The Dave Matthews Band Throw A New Orleans Funeral Parade

Maura / June 2, 2009

Our look at the closing lines of the week’s biggest new-music reviews continues with a roundup of reactions to the seventh studio album by the Dave Matthews Band, Big Whiskey and the GrooGrux King, which arrives in stores today:

• “In the end, the particular balance Matthews and his band struck may be the best one possible for a nearly 20-year-old band. They’ve drawn on the tone of old, while refusing to simply mimic it.” [Jim Farber, New York Daily News]

• “Big Whiskey, though, is a lot like a New Orleans funeral parade—mourning and zest balled into big, brawny music. ‘We’ll be drinking big whiskey while we dance and sing,’ Matthews crows in ‘Why I Am.’ ‘And when my story ends, it’s gonna end with him/Heaven or hell/I’m going down with the GrooGrux King.’ I’m betting on heaven—and that Moore will be quietly waiting for him.” [David Fricke, Rolling Stone]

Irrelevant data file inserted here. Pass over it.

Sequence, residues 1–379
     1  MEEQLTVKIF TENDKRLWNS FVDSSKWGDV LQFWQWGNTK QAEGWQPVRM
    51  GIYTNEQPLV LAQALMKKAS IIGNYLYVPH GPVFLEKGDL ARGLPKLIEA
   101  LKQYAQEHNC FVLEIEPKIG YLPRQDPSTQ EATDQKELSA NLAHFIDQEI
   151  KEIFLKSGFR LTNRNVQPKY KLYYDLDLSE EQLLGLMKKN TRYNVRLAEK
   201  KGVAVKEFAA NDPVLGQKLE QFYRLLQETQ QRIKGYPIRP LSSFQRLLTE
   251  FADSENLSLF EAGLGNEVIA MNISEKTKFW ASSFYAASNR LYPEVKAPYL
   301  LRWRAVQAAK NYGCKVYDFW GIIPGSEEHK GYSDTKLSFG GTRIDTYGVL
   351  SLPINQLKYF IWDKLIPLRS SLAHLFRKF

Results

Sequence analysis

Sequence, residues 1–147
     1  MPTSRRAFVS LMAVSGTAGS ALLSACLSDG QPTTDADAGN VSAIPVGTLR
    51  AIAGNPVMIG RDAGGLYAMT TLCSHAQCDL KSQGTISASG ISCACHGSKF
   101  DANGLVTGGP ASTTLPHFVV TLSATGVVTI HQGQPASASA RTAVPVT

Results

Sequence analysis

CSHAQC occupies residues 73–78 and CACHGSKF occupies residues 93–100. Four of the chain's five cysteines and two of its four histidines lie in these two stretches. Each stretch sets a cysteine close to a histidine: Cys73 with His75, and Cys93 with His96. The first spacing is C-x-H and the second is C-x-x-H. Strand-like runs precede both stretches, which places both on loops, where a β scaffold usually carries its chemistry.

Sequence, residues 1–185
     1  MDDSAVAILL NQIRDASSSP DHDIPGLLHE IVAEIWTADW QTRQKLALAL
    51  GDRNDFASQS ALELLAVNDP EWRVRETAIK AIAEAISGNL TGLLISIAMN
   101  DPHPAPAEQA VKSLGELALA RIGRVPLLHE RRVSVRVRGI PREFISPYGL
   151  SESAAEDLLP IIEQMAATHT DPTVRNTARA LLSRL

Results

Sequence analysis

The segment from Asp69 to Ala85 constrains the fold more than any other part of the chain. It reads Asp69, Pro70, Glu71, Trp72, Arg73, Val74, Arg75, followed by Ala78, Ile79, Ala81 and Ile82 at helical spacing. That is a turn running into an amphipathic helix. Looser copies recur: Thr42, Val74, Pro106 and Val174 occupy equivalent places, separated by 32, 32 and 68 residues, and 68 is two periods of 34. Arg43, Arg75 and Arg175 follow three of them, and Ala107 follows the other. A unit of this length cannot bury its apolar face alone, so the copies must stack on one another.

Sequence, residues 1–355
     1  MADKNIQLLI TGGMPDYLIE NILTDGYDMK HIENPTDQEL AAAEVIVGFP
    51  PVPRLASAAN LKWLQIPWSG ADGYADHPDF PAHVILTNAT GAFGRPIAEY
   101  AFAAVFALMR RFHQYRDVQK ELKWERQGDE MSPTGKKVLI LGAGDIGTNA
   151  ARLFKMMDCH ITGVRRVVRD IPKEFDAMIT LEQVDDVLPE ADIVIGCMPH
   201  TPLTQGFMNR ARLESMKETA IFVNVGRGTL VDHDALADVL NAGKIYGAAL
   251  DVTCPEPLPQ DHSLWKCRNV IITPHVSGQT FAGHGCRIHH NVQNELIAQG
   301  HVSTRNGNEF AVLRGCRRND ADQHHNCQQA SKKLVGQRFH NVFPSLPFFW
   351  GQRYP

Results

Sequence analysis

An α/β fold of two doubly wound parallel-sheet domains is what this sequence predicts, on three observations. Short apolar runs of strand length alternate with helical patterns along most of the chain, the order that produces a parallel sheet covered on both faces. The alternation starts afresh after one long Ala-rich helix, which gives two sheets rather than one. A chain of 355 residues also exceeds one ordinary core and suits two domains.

• “GrooGrux is harder edged and more bottom heavy than DMB’s usual fare, undoubtedly due to the band’s decision to work with Green Day and My Chemical Romance producer Rob Cavallo, but probably also a result of the grief suffered by Moore’s surviving bandmates. A fond, funky farewell.” [Mikael Wood, Spin]

• “Matthews is still writing lyrics that will make undergrads nod their heads in quiet wonder; but at album’s end, he also offers ‘You and Me,’ a modestly sweet love song to his wife in which he exchanges that trademark quirkiness for an unfussy adult voice. It’s just one little song on a big record, probably doomed to be overlooked by many. The happiness in domesticity it expresses marks one path to survival–after the storm, after all, there are still the dishes to do.” [Ann Powers, Los Angeles Times]